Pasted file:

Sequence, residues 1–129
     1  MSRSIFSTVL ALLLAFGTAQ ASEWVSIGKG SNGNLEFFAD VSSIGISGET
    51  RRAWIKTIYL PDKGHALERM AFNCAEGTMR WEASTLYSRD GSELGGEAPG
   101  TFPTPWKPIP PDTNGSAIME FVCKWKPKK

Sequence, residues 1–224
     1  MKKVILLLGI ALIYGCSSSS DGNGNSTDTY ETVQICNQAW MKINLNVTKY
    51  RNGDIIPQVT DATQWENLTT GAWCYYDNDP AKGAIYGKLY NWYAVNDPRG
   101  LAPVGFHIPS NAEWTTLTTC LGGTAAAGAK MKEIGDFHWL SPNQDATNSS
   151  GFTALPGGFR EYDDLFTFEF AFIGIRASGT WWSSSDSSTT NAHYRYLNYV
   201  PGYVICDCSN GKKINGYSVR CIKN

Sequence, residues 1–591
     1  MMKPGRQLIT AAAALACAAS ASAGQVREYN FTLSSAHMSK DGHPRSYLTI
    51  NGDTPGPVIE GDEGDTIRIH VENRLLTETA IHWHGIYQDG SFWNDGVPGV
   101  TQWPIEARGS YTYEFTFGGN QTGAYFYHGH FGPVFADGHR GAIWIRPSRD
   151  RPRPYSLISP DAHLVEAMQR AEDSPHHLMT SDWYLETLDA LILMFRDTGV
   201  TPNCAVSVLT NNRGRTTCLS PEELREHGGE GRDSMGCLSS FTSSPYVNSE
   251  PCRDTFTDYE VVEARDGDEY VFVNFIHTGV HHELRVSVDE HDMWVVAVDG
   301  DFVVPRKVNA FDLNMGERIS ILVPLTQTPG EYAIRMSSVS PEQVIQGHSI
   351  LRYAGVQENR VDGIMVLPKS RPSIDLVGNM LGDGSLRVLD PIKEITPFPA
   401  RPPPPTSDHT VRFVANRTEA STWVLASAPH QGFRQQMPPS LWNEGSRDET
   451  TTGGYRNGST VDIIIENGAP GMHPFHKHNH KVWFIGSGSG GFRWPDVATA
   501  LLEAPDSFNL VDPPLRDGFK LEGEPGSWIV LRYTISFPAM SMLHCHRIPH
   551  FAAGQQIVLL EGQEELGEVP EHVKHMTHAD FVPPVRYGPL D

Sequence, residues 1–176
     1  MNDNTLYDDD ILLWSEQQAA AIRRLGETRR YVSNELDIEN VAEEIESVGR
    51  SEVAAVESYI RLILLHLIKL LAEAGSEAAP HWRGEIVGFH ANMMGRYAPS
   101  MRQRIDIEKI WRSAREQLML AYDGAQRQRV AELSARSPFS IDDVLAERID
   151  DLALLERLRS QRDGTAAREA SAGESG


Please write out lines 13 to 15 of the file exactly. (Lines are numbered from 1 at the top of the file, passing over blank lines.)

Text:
    51  NGDTPGPVIE GDEGDTIRIH VENRLLTETA IHWHGIYQDG SFWNDGVPGV
   101  TQWPIEARGS YTYEFTFGGN QTGAYFYHGH FGPVFADGHR GAIWIRPSRD
   151  RPRPYSLISP DAHLVEAMQR AEDSPHHLMT SDWYLETLDA LILMFRDTGV